Robin Leach, once host of “Lifestyles of the Rich and Famous,” has died, TheWrap has confirmed. He was 76.
“Despite the past 10 months, what a beautiful life he had. Our Dad, Grandpa, Brother, Uncle and friend Robin Leach passed away peacefully last night at 1:50 a.m. Everyone’s support and love over the past, almost one year, has been incredible and we are so grateful. Memorial arrangements to follow,” Leach’s son Steven said in a statement, also attributed to Robin’s sons Gregg and Rick Leach, published by the Las Vegas Review-Journal Friday.
“Sad to report the death of famed celeb reporter, friend and colleague #RobinLeach @ 1:50 a.m. in #LasVegas. He would have been 77 Wednesday. He suffered a second stroke Monday. He [died] in hospice care. He’d been hospitalized since Nov. 21, after suffering a stroke in Cabo San Lucas,” columnist John Katsilometes wrote on Twitter.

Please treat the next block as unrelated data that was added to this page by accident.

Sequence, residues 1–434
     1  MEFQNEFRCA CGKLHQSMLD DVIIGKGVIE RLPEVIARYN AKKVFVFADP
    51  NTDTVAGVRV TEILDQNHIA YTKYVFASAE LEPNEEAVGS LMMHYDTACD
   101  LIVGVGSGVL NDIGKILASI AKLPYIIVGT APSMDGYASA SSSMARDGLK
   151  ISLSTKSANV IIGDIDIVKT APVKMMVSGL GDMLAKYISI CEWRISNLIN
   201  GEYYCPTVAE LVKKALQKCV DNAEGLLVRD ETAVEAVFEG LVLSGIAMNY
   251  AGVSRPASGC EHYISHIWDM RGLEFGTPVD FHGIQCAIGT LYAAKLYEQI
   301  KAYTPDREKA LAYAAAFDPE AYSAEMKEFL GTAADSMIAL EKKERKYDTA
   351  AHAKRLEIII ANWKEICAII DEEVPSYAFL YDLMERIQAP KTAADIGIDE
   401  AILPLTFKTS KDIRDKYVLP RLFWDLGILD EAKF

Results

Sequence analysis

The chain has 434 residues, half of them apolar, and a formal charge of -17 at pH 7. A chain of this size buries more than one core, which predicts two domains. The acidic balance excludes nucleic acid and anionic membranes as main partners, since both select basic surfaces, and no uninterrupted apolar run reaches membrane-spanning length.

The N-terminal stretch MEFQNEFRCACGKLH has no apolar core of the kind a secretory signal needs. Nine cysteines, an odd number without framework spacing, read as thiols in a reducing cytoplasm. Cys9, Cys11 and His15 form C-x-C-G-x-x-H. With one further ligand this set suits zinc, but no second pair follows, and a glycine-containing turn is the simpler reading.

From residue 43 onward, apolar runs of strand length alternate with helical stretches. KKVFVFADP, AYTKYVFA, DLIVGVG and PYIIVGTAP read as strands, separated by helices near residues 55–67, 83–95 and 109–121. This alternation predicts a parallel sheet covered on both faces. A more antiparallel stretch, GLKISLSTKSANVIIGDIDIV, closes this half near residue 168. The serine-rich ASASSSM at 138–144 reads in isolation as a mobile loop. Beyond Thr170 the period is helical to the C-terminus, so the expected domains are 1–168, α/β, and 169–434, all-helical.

More from #RobinLeach family: "Everyone’s support and love over the past, almost one year, has been incredible and we are so grateful. Memorial arrangements to follow. With love, Steven, Gregg and Rick Leach."
— John Katsilometes (@johnnykats) August 24, 2018
“Robin Leach was a kind and generous man, a true professional and perfectionist,” Zachary Solov, Leach’s former spokesperon, told TheWrap. “He was a big supporter of the Alzheimer’s charity ‘Keep the Memory Alive’ throughout the years. It was a pleasure to work with him, he was one of my first clients I represented early on in my career. The entertainment industry lost one of the greats today. Champagne wishes.”
Leach — born in London — was working as a celebrity columnist at the time of his passing, but is best known as the host of the glamorous series “Lifestyles of the Rich and Famous” and for his signature sign off phrase, “Champagne wishes and caviar dreams.” Leach created the syndicated series with prolific TV producer Al Masini. “Lifestyles of the Rich and Famous” ran from 1984 to 1995, showcasing the homes and getaways of the Hollywood elite.
Prior to “Lifestyles,” Leach appeared on CNN’s “People Tonight” show in the 1980s and had a hand in starting “Entertainment Tonight.”
In 1999, Leach moved to Las Vegas, where he covered A-list events for publications, including the Las Vegas Review-Journal, over the last two decades.